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Constellations Guide the Way

Old drawing of Orion (the person) with Orion (the constellation) superimposedFor thousands of years, stargazers have seen shapes in the night sky. Some of these visions, like the mythological creatures of the zodiac, are said even today to guide the course of human destiny. While the predictions of astrology may be dubious, star patterns can still be our guides. These figures help us navigate our way across the night sky and locate celestial objects.

Star patterns such as the hunter Orion and the winged horse Pegasus are commonly called constellations. But the term constellation in modern astronomy actually refers to a particular region of the sky, like a country on a map. The star figures first noticed in antiquity lie within these regions.

The Big Dipper

A Ladle? Or A Bear?

Some constellations hold other identifiable shapes formed by stars, called asterisms. Seven bright stars within the constellation Ursa Major form what may be the most renowned asterism through the ages. This shape has been noted by poets from Homer to Tennyson, and known variously as the Plough, the Wain, and the Wagon. Today, we call it the Big Dipper.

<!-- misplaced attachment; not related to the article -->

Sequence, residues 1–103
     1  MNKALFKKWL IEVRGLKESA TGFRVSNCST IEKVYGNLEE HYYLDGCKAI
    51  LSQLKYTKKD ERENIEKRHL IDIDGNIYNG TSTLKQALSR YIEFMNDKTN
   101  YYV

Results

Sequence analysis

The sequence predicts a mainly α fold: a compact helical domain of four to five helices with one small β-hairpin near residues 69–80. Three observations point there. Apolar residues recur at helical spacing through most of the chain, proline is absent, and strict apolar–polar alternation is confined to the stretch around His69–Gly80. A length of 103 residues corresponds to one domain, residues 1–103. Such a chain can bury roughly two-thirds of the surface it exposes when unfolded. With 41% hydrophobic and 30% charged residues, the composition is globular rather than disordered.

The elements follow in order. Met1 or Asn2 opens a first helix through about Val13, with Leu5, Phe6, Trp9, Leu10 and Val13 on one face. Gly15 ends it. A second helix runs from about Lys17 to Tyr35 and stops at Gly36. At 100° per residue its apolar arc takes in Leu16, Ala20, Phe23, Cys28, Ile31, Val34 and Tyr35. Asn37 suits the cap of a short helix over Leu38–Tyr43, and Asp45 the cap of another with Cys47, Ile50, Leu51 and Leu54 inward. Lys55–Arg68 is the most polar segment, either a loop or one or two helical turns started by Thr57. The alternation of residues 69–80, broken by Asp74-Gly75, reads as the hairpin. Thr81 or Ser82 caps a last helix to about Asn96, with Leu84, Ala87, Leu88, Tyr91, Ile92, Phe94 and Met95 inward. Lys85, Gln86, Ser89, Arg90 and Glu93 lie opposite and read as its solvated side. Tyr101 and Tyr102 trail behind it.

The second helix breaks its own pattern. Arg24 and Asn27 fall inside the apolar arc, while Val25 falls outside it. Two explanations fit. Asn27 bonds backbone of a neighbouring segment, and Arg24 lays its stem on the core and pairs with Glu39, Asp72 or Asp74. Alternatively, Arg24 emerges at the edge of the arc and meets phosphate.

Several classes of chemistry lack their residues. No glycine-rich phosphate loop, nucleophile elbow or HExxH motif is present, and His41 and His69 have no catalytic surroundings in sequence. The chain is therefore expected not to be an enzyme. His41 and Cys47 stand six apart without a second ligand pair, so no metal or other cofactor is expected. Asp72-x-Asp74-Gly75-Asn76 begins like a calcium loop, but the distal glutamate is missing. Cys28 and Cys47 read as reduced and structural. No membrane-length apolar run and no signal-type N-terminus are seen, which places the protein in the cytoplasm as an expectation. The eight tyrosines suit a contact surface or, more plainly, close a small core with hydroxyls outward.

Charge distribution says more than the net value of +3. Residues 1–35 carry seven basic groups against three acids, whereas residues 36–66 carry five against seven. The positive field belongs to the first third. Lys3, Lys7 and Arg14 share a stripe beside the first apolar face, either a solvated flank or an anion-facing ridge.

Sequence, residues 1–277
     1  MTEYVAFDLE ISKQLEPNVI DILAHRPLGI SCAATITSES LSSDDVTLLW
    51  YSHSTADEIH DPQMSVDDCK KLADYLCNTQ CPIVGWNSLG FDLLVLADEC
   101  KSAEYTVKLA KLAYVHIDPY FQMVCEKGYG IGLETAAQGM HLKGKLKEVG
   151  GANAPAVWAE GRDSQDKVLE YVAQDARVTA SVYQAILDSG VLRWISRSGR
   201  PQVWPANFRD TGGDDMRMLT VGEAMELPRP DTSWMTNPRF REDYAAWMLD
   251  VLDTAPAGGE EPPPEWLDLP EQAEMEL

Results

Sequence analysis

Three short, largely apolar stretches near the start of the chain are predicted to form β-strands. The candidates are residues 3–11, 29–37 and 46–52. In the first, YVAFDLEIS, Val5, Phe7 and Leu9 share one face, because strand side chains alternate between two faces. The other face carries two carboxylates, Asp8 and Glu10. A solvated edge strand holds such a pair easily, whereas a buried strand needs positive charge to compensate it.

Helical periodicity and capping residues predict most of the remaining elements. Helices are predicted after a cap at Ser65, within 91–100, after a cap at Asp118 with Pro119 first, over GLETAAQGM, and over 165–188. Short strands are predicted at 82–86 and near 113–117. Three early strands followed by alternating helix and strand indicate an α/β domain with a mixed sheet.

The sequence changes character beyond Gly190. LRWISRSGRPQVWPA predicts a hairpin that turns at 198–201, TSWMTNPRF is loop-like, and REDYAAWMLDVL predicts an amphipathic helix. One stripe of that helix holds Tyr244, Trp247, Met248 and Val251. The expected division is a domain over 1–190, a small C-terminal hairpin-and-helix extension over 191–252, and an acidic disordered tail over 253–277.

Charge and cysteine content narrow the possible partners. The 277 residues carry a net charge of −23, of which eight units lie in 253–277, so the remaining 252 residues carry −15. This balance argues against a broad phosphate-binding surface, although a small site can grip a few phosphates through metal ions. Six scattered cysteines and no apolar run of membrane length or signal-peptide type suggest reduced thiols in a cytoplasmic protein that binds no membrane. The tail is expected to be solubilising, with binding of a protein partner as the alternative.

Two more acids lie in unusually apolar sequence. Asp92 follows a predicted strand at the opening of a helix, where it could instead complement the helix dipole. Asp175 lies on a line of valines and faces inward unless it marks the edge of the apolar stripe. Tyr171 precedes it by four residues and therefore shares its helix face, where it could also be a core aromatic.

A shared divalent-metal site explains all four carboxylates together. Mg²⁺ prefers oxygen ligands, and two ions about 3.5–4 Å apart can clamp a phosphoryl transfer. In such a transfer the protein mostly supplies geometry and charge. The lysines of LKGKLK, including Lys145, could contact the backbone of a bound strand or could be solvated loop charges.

Ursa MajorBy connecting stars in the constellation Ursa Major in a different way, you can see the rough shape of a bear. Ursa Major means "Great Bear" in Latin, but many civilizations have given this asterism their own name for bear. It was "Arktos" to the ancient Greeks. (The word "arctic" today relates to the connection between these circumpolar stars and northern latitudes.) And some Native American tribes saw three hunters in nearby stars chasing the bear around the northern sky.

The shapes we draw may vary, but the borders of the constellations are fixed. In 1930, astronomers divided the sky into 88 constellations, giving each a Latin name. Before this time, there was no one universally accepted sky map, and quite a lot of confusion.

To see some of the constellations that are home to newly discovered solar systems, go to Find the Planets.

Ursa Major images courtesy Sky and Telescope Magazine.

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